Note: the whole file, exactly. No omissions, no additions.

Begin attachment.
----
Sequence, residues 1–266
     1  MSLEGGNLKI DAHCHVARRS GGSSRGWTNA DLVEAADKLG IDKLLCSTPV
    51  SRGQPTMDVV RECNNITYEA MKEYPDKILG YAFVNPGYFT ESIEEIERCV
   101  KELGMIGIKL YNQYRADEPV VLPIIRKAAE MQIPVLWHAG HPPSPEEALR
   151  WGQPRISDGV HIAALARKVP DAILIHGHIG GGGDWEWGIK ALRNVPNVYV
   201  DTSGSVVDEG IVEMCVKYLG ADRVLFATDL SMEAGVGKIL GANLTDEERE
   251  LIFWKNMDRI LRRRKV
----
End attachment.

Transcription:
Sequence, residues 1–266
     1  MSLEGGNLKI DAHCHVARRS GGSSRGWTNA DLVEAADKLG IDKLLCSTPV
    51  SRGQPTMDVV RECNNITYEA MKEYPDKILG YAFVNPGYFT ESIEEIERCV
   101  KELGMIGIKL YNQYRADEPV VLPIIRKAAE MQIPVLWHAG HPPSPEEALR
   151  WGQPRISDGV HIAALARKVP DAILIHGHIG GGGDWEWGIK ALRNVPNVYV
   201  DTSGSVVDEG IVEMCVKYLG ADRVLFATDL SMEAGVGKIL GANLTDEERE
   251  LIFWKNMDRI LRRRKV